• April 23, 2024
 Key pushes for equity release tax simplification to boost first-time buyer market

Key pushes for equity release tax simplification to boost first-time buyer market

Key Later Life Finance, equity release advisor, highlights the significant downturn in first-time home purchases, with figures dropping to a decade low of approximately 290,000 in the last year, a 21% decline from 2022 – further underscoring the potential of equity release from older generations to aid first-time buyers in securing deposit.

2023, equity release facilitated £430 million in gifts to relatives, a figure that Key suggests could increase with tax reform. The company urges a re-evaluation of the current tax policy regarding gifting in the upcoming Spring Budget, specifically advocating for the abolition of the seven-year clawback rule for property-related gifts. Commenting on the upcoming Spring Budget, Clive Pointon, Head of Wills, Trusts, and Tax at legal firm Aaron & Partners, said:

“With a General Election approaching, March’s Spring Budget will likely see the Chancellor face even more pressure to announce tax cuts, and address rumours around changes to Inheritance Tax.
The Conservatives share a similar stance on income tax with Labour and have made several recent changes to Capital Gains Tax. This leaves Inheritance Tax as the obvious issue to use to distance themselves from their political rivals. Whether a change that benefits those with capital in excess of £1M is a vote winner is another matter.

There has been speculation suggesting a reduction from the current 40% rate. However, as the UK has officially entered a recession, any future tax landscape is an uncertain one. As such, we recommend to act now while we are in a climate we understand. A positive change would be to action a further reduction of National Insurance for both employers and employees. It feels counterintuitive to tax jobs in the midst of a productivity crisis.”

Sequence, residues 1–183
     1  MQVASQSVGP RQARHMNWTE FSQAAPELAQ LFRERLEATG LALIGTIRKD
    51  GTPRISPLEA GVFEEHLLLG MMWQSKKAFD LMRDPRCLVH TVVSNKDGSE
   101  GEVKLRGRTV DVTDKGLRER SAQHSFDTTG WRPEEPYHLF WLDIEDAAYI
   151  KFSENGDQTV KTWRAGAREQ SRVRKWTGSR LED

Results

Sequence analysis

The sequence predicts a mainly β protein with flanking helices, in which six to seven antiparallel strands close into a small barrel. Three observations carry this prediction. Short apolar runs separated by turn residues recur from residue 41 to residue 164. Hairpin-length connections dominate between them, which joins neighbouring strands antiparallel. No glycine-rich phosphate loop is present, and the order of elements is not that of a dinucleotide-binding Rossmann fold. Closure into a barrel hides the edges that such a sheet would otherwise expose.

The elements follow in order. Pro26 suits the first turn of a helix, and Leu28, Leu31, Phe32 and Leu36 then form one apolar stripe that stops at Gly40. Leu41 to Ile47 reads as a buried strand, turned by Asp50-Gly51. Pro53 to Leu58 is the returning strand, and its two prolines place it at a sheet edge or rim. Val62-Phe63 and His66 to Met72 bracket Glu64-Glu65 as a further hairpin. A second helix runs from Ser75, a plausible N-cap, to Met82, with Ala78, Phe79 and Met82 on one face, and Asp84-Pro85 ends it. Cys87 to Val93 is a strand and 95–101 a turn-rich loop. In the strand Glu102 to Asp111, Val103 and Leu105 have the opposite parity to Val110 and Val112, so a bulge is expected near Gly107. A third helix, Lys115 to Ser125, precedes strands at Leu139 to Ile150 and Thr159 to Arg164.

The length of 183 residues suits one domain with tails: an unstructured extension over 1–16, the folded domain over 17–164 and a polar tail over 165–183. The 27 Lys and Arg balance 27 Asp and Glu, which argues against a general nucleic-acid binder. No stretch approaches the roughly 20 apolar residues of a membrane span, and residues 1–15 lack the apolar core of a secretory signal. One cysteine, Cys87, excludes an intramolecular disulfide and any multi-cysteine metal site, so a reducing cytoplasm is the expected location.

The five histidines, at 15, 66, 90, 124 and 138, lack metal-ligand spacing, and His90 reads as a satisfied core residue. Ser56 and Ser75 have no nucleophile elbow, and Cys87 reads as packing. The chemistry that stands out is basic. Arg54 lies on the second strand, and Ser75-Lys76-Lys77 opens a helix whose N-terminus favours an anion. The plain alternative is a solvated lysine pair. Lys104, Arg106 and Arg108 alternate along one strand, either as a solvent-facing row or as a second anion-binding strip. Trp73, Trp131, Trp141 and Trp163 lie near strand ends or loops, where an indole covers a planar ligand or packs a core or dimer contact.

This move, Key argues, would not only facilitate the redistribution of property wealth but also invigorate the housing market and alleviate the challenges faced by first-time buyers. Despite a rise in IHT receipts to £5.7 billion from April to December 2023, with projections reaching £8.4 billion by the 2027/28 tax year, Key believes that simplifying the gifting rules could encourage more homeowners to contribute to their descendants’ property acquisitions.

Currently, the gifting framework allows for £3,000 annually without IHT implications, but larger sums necessitate a seven-year gifting lead time to avoid taxation. This rule’s elimination, particularly regarding property equity gifts, could stimulate increased financial support from older homeowners to younger generations. Despite downsizing being an alternative for property equity redistribution, it presents challenges such as finding suitable housing, emotional attachment to the family home, and the financial burdens of moving.

Key also points out the complexity of IHT rules concerning gifts for weddings, civil partnerships, education, and the potential for rule simplification to encourage wealth transfer for these purposes. The organisation stresses the importance of equity release in enhancing the housing market’s efficiency, advocating for governmental recognition and policy adjustments to ease the process of monetary gifting and support the market’s growth, including the facilitation of property wealth transfer across generations.

Katie Johnson, Digital Journalist, Today's Media

Digital Journalist, Today's Media Contact: katie.johnson@todaysmedia.co.uk LinkedIn